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Remember when I was hunting for moose meat online, over the phone, around town and on craigslist? Well my effort paid off; someone knew someone who got a hold of a few ribs for me. (Awe. Some.)
The best part is I didn't just get to try moose, I got to figure out how to cook it myself. Since I knew I wouldn’t make it through any amount of meat bigger than my finger, I invited over a few friends to share. The result? Garlic and Rosemary Moose Ribs, Vancouver style.
• olive oil • garlic • rosemary • mustard • salt and pepper • moose ribs
1. Pick up the ribs from friend’s friend before work.
2. Rush home to marinate them for as long as possible because you’ve read 25 recipes on the internet that say moose is really, really hard to cook, and you absolutely must marinate it.
3. Chop garlic and rosemary. Put them, the olive oil and the mustard with the ribs inside a giant ziploc bag in the fridge.
4. Change your mind, put the bag inside a bowl with running water in the sink and contemplate leaving it there all day.
5. Decide that's ridiculous and put the ribs back in the fridge, in their bag, but with the bag inside a bowl this time. It looks ok. You're just nervous because you've never done this before. Just go to work already.
6. Talk about the moose meat in your fridge for most of your work day, irritating your coworkers to the extent that they are quite happy to see you leave early, excusing yourself because you have to “pop your moose meat into the oven. It’s really hard to cook, you know.”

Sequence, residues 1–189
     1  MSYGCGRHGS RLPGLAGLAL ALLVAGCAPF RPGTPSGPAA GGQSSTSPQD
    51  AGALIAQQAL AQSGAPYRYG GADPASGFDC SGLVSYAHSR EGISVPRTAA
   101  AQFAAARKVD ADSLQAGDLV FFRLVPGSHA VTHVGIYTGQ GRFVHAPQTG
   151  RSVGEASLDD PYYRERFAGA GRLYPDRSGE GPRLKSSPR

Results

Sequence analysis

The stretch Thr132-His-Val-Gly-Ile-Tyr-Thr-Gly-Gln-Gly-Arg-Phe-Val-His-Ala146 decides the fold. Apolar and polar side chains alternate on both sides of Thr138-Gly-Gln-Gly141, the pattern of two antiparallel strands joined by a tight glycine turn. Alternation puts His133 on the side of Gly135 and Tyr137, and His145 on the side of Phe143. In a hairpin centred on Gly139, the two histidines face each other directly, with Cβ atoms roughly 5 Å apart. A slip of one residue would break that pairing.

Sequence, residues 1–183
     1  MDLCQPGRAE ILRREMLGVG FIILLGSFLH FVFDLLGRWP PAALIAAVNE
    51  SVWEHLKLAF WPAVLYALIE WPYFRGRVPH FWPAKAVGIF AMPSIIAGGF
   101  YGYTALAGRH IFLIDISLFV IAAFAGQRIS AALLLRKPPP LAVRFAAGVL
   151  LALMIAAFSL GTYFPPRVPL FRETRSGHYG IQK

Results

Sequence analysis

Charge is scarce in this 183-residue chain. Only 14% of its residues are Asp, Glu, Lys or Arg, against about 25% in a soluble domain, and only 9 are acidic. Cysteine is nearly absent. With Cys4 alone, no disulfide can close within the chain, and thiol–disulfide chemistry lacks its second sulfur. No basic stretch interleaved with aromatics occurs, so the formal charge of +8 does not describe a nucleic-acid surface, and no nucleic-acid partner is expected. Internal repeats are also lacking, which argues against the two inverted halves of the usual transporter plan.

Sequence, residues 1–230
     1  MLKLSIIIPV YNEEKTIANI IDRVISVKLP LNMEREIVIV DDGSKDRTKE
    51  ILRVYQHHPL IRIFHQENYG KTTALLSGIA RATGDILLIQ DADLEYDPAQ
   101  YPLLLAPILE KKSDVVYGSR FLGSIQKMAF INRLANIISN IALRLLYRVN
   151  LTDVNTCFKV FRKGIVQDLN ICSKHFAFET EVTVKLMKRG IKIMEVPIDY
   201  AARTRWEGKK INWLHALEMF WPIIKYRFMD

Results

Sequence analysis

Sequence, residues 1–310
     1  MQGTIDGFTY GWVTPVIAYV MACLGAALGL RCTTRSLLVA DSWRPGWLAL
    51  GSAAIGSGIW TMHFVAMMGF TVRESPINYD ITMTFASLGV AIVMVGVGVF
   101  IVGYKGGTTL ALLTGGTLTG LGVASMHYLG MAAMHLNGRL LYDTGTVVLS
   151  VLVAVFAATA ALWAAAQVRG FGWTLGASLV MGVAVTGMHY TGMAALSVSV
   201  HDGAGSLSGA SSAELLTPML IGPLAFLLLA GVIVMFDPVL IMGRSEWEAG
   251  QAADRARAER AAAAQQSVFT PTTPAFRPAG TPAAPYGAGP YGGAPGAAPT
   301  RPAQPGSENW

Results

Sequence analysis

7. Pour the ribs and their goopy marinade into a big pot or deep pan with about a half liter of water to simmer for mmmm, probably an hour.
8. Stick all of this into a middle-ish temperature oven for a long while. Like, a couple of hours, depending on when your company arrives and how much they distract you from your moose.
9. Babble nervously with guests and drink a bit too much because you’re afraid that said moose will taste terrible in the end and your meal will consist of mashed potatoes, bread, salad, fruit and cookies. Not a terrible meal, but, well, you kind of played up the moose element a lot by now. It's kind of why everyone actually came.
10. Pull very dark, very ominous lump of meat out of the oven and peer at it suspiciously until one of your guests comes to the kitchen to offer support.
11. Slice. Across the grain. Holy toledo, those are big bones.
12. Announce that the meat is coming to the potluck table. Tell folk to get off their butts and try some because it is Absolutely Totally Delicious.
13. Bathe in the fame and glory of feeling just that much more Canadian.
Serve this wild game with a few equally wild and intellectually stimulating games. I recommend Crokinole and Boggle. Or maybe just set up some dominoes and knock them down.